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Disciplining SEN students with global developmental delay.

Discussion in 'Special educational needs' started by emjaygee24, Jan 30, 2012.

  1. Hello everyone,

    I'm working with a young boy with global developmental delays. He is quite bright, but can be quite lazy at his work. I recently had an incident with him where he thought it was ok to hit me. It was dealt with by the deputy head and the classroom teacher quite well, but it soon became evident that the boy didn't fully understand that what he did was wrong. I proceeded to be quite strict with him for the entire week of lessons following the incident.

    Does anyone have advice on what to do about behavioral problems with an SEN student? I try to be quite strict when I need to and otherwise use rewards and positive reinforcement to help my student understand what is and isn't ok. Any ideas besides the usual sticker charts and pencil giveaways for good behavior?
     
  2. You could try telling a story about a boy who hit his teacher etc etc.
     
  3. Hi,
    don't want to sound like the typical let's let children with bad behaviour get off with murder sort of person, but is discipline the thing that's needed? If strictness and whatever the classroom teacher has done hasn't worked maybe a different approach is needed. I had a student with SEN who sometimes would refuse to speak to members of staff, first time she tried it with me i wrote her a note saying that she really hurt my feelings by ignoring me when i was trying to help, however i would be there to help if she wanted it. I placed the note in front of the student and walked off (maybe over exagerating my upsettness) not long later they called me over to apologise and we moved on. Maybe explaining to the student that what happened upset you rather than telling them off might make the student think about their actions.

    Maybe this won't work with your child but worked well for me,

    Hope things go well
    Ben

     
  4. I agree with Ben, although it does often depend on the child anyway.

    I have a child with global developmental delay in my class, and quite often the best way to get him to understand that he has done something unacceptable is to tell him that it has made me very sad, or if in the case of him hitting or kicking, telling him that it hurts (and again makes me very sad) and he understands this very well. We are now at the point with him where if he is verging on repeating the unacceptable behaviours it takes a simple warning of saying his name sternly and he shows he understands he shouldn't be doing it by saying 'sad' or 'hurt'.
    However, with the same child discipline also works - telling him in a very stern tone of voice that he shouldn't be doing it, followed by giving him a choice - if he does it again he will stand in the corner (with his back to the rest of the class) and we ignore him for around 5 minutes, by which time he has calmed down and is ready to join in again. Very rarely he will be spoken to by a member of the management team, however because of these strategies we have in place now this happens much less than it used to.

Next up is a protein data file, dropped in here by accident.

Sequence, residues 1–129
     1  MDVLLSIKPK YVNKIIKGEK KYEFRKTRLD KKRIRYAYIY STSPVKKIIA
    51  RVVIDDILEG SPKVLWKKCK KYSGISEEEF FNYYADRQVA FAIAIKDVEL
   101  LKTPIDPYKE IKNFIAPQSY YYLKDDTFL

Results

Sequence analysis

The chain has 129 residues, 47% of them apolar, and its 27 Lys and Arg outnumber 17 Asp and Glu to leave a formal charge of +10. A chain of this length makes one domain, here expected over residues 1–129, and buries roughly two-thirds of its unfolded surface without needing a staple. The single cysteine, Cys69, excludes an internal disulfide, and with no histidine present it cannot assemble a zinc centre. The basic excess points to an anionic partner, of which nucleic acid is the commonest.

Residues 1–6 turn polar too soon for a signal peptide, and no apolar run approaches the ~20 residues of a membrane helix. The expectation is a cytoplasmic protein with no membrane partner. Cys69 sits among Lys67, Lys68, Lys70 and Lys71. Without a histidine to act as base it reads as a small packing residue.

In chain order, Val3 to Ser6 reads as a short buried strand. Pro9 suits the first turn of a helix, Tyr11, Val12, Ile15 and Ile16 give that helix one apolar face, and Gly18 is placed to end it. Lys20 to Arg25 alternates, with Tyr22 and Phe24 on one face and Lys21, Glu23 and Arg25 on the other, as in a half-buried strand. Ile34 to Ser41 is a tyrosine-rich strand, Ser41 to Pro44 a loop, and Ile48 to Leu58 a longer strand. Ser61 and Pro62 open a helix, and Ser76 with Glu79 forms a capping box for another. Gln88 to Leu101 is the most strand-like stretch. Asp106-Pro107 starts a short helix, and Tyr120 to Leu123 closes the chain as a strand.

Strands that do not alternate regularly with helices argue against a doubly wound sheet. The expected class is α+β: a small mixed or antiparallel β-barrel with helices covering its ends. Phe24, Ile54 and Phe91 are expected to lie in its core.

We have to use both of these methods with him and balance them depending on the seriousness of the behaviours. Sometimes just rewarding everybody else for doing something that he is not doing (like sitting on his chair when asked) works and he soon realises that he doesn't want to miss out on a reward like everybody else.

    Hope this helps a bit

    Joanna
     
  5. Oh, and you can also get story books called things like 'hands are not for hitting', 'teeth are not for biting' and 'legs are not for kicking' that explain pretty well to children the appropriate use of hands/feet/teeth in school or at home. I got mine from Amazon, quite cheap- think I paid £15 for a set of 3/4

    Joanna
     
  6. I had a similar incident last year, child with GDD became increasingly aggresive towards all members of the class, children and adults. I found a social story book, using pictures of him and the people he hurt worked well. Especially when it focused on what his actions made others feel. I used photo's of him, me and some other children and added words using CommunicateInPrint so that he could read it independently after it had been read to him a few times. Incidents of agression became more and more scarse and he showed a real understanding of hurting others, not only physically but also emotionally.
    I agree with the comments above, discipline won't necessarily work but empathy might.
     

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